Entrepreneur: Chris Ducker

Biz: Chris Ducker

Tilt: Youpreneur – building a business based on you, your expertise, and the people you want to serve

Channels: Youpreneur Summit; Rise of Youpreneur; YouTube (14.5K); Instagram (32.8K); Facebook (25K)

Rev Streams: Book, podcast, event, speaking, coaching

Our Favorite Actionable Advice

  • Stick with email: Chris continues to focus on email as his base. He also keeps it fresh with new content delivered to inboxes weekly.
  • Do your PR: His goal is to guest on at least three podcasts every week. He looks for podcasts with at least 25 episodes.
  • Don’t obsess on analytics: He doesn’t optimize his content for search engines. Yet, 73% of his website visitors come from organic search.

Building a content-first business

Years before he coined the term “youpreneur,” Chris Ducker already was a successful entrepreneur of brick-and-mortar businesses. In 2008, he launched a call center in the Philippines. A couple of years later, he opened a company that connects entrepreneurs with virtual assistants.

content entrepreneur chris ducker

But in between, Chris ran out of steam. He was diagnosed with acute exhaustion, dehydration, and a back injury that demanded surgery. It was a red flag that the serial entrepreneur needed to make some changes and slow down. And he did, blogging and podcasting about his journey as a burned-out entrepreneur – and quickly discovered the potential of building a business based on his own abilities, interests, and personality.

Within a year, with little marketing other than guest appearances on a few blogs and podcasts, he had close to 6K people on an email list and had amassed 200K or so podcast downloads. “It became really, really clear to me that folks were interested in the journey I was taking,” he says.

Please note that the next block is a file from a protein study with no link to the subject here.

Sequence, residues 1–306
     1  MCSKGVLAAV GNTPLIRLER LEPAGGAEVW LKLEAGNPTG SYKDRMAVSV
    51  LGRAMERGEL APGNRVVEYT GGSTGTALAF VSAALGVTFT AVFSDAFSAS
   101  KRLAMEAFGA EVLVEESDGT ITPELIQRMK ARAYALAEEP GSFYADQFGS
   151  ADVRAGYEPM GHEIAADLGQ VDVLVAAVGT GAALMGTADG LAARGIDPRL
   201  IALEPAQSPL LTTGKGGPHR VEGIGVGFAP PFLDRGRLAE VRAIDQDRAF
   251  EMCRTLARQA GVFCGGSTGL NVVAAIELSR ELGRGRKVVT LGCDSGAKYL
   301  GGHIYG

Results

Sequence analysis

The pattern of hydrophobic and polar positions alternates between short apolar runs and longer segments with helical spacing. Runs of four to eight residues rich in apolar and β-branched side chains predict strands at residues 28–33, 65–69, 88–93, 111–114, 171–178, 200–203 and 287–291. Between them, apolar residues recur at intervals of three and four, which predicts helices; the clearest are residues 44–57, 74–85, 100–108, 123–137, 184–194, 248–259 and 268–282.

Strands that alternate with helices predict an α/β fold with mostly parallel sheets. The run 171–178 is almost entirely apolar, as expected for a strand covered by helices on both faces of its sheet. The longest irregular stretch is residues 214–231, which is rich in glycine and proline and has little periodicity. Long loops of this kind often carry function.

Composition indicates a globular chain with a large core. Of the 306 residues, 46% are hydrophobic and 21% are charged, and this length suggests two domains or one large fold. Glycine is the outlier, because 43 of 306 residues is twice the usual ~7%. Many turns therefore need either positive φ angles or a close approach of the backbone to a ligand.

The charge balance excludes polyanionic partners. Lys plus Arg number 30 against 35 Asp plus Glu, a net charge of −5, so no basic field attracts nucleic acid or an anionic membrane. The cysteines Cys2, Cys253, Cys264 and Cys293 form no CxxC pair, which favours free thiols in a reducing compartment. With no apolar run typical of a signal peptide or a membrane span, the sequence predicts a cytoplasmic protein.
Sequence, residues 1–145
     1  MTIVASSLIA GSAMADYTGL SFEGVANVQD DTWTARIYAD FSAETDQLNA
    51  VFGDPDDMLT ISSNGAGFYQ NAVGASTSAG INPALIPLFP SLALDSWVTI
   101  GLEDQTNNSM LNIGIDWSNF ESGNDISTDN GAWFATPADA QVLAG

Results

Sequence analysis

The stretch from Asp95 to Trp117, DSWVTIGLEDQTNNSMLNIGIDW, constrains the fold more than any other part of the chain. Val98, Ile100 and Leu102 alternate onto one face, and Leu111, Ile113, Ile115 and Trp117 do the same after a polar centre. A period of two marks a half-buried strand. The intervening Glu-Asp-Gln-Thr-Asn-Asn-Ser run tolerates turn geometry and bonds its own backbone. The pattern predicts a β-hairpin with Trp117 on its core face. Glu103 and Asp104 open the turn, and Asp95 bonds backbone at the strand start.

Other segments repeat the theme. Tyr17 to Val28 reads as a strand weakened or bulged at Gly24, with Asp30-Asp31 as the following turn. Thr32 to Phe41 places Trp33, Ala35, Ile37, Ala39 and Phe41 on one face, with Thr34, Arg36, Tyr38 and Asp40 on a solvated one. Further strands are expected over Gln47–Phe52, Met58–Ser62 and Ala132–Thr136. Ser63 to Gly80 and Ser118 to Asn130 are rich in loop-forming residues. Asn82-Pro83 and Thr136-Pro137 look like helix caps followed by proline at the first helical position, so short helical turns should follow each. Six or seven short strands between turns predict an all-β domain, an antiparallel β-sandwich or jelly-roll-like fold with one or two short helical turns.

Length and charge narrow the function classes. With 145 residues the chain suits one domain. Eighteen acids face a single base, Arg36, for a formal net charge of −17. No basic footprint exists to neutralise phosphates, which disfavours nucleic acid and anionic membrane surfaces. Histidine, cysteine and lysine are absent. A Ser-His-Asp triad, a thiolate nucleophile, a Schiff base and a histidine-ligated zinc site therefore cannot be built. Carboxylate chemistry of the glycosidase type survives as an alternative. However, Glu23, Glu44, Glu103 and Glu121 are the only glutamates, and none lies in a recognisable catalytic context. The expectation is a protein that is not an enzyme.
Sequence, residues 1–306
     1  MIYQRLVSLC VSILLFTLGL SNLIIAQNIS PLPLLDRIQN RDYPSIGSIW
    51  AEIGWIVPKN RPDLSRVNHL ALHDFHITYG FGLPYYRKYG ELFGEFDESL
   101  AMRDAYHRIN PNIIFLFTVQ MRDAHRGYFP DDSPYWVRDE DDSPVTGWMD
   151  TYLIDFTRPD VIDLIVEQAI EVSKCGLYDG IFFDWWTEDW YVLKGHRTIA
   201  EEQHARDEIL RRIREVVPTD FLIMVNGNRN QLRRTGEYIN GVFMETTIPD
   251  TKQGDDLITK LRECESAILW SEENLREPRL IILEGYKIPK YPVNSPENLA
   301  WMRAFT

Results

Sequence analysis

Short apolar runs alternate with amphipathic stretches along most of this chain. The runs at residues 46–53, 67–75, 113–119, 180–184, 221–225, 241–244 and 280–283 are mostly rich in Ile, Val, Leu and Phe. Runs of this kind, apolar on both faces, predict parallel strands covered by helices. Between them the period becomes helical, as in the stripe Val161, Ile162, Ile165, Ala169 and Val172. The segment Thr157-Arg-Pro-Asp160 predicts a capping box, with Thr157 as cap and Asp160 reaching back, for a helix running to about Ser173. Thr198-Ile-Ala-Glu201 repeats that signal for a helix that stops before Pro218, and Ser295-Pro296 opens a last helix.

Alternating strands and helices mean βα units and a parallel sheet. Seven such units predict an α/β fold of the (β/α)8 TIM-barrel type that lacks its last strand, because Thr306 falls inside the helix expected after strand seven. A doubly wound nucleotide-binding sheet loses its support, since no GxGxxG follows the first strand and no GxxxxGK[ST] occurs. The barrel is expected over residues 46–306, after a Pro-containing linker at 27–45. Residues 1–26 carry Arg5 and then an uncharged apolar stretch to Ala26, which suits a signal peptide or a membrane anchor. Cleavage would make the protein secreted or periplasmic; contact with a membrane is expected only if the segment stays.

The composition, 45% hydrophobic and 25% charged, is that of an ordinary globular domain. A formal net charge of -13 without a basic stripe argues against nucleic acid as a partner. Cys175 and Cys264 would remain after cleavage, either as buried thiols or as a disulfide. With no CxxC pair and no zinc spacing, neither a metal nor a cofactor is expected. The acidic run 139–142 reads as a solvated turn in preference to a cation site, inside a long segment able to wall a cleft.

@ChrisDucker had 6K #emails and 200K #podcast downloads in his 1st year. His topic? His journey as burned-out #entrepreneur. #creatoreconomy #TheTilt Click To Tweet

Growing an online audience

Today, Chris, who is based in England, has three seven-figure businesses, a podcast with close to 8M downloads and more than 100K followers on social media, 75K email subscribers, and top-selling books. Known for his upbeat, practical, and inspiring approach to business development, he’s helped content creators across the globe like himself become so-called youpreneurs.

“Every youpreneur is a content entrepreneur and every content entrepreneur is a youpreneur,” says Chris, who coined the term in 2015. “It’s about building a business that [isn’t] reliant on you, but based on you, your expertise, and the people you want to serve. Creating the content is at the very center of everything that the youpreneur does.”

Every content entrepreneur is a 'youpreneur." Build a business based on you, your expertise, and the people you want to serve, says @ChrisDucker via @slindenfeldhall. Click To Tweet

To grow his content business, Chris has relied, in large part, on that email list that he continues to build and keep fresh. Subscribers who sign up on his website get a weekly digest from him based on the particular stage of their business. Paid ads on Instagram or Facebook are only used to grow that email list.

Chris also does some public relations. He seeks at least three opportunities each week to be a guest on other podcasts. ‘It’s like a seal of approval,” he says. He looks for podcasts with at least 25 episodes, a sign that they likely have a decent following.

Expanding content creations